Flight cancellations: What are your rights for a refund?

Air travel chaos has grounded 2,000 flights – here's what you can do if you are affected

Passengers are seen waiting for delayed flights in London's Heathrow airport, Tuesday, Aug. 29, 2023. The British government says a cyberattack was not the cause of a breakdown at the nationwide air traffic control system that saw hundreds of flights delayed and canceled. The problem hit on a late-summer holiday Monday that is one of the busiest days of the year for air travel. Transport Secretary Mark Harper says it will
Failures in air traffic control led to the cancellation of 1,400 flights. Photo: Lucy North/PA via AP

An August Bank Holiday getaway is always fraught with potential travel glitches, but last weekend’s air traffic control failure took the word ‘glitch’ to new extremes – forcing the cancellation of 1,200 flights on Monday and around 200 on Tuesday, and leaving thousands of travellers stranded. If your holiday has been derailed by travel chaos, it’s worth getting to grips with your rights.

The good news is that if your flight was cancelled, you may still be able to get away – or get home - because if the airline is based in the UK or the EU, they have to provide either a replacement flight as soon as possible, or a refund. You may need to check if you are eligible for cancelled flight compensation first.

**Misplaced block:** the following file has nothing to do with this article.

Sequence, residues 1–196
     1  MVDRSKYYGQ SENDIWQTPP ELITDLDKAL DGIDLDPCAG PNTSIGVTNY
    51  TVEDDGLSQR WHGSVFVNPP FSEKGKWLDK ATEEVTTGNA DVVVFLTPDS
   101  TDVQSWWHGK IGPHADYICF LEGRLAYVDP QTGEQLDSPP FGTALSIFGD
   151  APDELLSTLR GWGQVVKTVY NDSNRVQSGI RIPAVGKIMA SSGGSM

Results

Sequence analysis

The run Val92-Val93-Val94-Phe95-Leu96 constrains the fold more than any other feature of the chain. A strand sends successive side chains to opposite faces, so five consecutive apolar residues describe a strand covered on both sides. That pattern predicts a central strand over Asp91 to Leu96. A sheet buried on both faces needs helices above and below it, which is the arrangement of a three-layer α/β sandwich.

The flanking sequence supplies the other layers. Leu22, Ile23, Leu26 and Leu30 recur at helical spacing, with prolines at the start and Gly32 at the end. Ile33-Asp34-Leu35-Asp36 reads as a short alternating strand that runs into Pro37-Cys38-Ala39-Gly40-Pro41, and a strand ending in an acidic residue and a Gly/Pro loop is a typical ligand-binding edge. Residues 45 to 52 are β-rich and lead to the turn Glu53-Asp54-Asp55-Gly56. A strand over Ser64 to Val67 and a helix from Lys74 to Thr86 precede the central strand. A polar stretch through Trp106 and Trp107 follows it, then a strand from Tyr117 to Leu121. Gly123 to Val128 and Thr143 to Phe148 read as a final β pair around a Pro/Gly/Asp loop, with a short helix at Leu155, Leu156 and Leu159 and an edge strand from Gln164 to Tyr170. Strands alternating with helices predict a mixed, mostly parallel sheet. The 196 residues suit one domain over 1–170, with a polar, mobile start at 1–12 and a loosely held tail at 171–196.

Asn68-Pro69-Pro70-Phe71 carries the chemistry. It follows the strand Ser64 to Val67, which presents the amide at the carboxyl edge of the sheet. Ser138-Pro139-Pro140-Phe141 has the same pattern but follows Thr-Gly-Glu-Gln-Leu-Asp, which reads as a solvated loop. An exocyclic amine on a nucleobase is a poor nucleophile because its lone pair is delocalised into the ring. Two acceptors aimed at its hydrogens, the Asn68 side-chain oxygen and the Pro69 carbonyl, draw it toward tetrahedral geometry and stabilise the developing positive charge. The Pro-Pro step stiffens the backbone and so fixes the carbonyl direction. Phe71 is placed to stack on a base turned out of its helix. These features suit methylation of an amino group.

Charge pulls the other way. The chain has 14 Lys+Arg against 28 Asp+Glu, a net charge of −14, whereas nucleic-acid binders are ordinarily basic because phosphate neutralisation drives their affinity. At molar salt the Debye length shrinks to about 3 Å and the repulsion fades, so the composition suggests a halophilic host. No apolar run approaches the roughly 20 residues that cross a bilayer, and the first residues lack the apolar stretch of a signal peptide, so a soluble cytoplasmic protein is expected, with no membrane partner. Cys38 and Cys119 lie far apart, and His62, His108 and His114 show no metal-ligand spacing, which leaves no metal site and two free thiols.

When they’re looking for a new flight, they have to offer the next available one, even if it’s with a different airline. Sometimes they’ll only offer their own flights, so if you’re not happy with the delay, check the alternatives. You’re entitled to book this yourself and then claim the money back – although you’ll need to have the cash available, and be prepared for delays in getting a refund.

If you’re on holiday outside the UK, and flying with an airline that’s not from the UK or the EU, things are trickier, because you don’t have these rights. You need to check the terms and conditions of the flight to see what you’re entitled to. If they don’t offer a replacement or refund, you can check to see if your travel insurance will cover you.

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If you were already at the airport when your flight was cancelled or significantly delayed, the airline will need to look after you while you wait. If you’re delayed overnight this will include putting you up in a hotel. If you are stranded on holiday, the same applies. However, this doesn’t mean keeping you in the accommodation you’ve been staying in. The travel company will choose an affordable option. If you don’t take the next available flight, the airline will stop being responsible for your food and overnight accommodation – so you can’t use the system to extend your break for free.

If it’s chaos at the airport and nobody is there to help, you can arrange this yourself, keep the receipts, and claim the costs back – but don’t go crazy, because they’re unlikely to repay the costs of staying in a swanky hotel. Unfortunately, you will be out of pocket until the repayment comes through, which can take a while.